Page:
The Reserve Bank of New Zealand wrong foots economists…again
One way to reduce inflationary expectations is for the Central Bank to aggressively lift their official cash rate to a level whereby the countries’ consumers are in enormous pain, thereby crunching the economy. And with today’s 0.5 per cent tightening to 5.25 per cent, the 11th since 6 October 2021, that is exactly what the Reserve Bank of New Zealand (RBNZ) had in mind.
With inflation for the year to December 2022 running at 7.2 per cent, the highest level in 35 years, it seems likely that figure will fall substantially as 2023 progresses. Gross Domestic Product declined by 0.6 per cent in the December 2022 quarter (for an annual rate of 2.4 per cent) and an upcoming recession in New Zealand now seems probable.
According to the Real Estate Institute of New Zealand (REINZ), for example, the median New Zealand house price has declined by approximately 24 per cent from a very elevated $1.0 million in November 2021 to $762,000 in February 2023. This $240,000 decline for the average household, together with the strongly rising variable mortgage rate, places incredible financial stress on many property owners who acquired their residence more recently.
The recent ANZ-Roy Morgan Consumer Confidence Index hit 77.7 in March, close to a 20 year low, with around one-third of respondents thinking it is a bad time to buy a major household item. And that was before the 0.5 per cent tightening.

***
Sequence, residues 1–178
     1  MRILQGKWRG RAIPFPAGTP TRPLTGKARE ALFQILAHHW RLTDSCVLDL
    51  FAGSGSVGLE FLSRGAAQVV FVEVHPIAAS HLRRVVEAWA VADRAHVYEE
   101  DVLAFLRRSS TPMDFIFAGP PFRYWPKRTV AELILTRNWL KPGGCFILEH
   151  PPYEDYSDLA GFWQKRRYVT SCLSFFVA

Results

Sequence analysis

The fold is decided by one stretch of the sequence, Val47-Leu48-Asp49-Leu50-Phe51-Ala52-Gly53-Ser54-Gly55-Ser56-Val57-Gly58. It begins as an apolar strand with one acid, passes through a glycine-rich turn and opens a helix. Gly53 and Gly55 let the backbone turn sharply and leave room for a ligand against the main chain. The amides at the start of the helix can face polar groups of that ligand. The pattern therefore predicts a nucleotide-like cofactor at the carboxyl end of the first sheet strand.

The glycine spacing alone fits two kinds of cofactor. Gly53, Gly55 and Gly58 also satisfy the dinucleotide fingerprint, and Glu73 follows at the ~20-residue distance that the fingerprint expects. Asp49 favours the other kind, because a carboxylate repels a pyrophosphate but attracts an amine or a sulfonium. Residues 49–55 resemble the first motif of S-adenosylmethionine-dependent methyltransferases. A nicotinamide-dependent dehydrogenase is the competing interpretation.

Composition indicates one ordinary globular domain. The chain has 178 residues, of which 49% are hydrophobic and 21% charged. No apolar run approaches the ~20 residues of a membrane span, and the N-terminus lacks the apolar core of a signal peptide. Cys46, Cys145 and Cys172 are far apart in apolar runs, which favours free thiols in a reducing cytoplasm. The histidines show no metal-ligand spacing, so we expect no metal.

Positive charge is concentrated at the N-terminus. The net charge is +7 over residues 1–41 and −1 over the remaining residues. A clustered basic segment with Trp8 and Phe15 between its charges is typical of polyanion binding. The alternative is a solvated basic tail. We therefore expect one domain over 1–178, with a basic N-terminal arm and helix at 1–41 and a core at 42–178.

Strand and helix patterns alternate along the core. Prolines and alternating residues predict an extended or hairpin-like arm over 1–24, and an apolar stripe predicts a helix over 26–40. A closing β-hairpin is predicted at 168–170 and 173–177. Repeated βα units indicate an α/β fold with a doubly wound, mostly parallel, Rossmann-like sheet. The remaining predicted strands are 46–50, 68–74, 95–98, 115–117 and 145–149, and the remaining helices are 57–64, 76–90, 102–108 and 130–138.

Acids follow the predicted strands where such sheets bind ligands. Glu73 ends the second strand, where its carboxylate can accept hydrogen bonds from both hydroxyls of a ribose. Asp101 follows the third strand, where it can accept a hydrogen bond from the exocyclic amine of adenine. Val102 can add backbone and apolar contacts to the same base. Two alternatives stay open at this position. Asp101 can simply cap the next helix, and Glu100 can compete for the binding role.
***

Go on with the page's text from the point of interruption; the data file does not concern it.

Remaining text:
Domestic consumption, which was growing at 1.7 per cent in the December 2022 quarter and by an annual rate of 5.4 per cent, will be hit.
Unemployment – which troughed at 3.2 per cent in the March 2022 quarter, and gently rising to 3.4 per cent by the December 2022 quarter, could jump to 5 per cent over the medium-term.
The national savings rate, which declined from 8.9 per cent in 2021 to 3.3 per cent in 2022, will likely enter negative territory in 2023 and beyond. (Note, this ratio was negative in each of 2016, 2017 and 2018).
Overall, the average New Zealander is feeling the effects of a substantial increase in the cost of living reducing their purchasing power and given this is accompanied by a sharp increase in the variable mortgage rate as well as a severe decline in house prices, it seems most likely consumers will hibernate over the medium-term.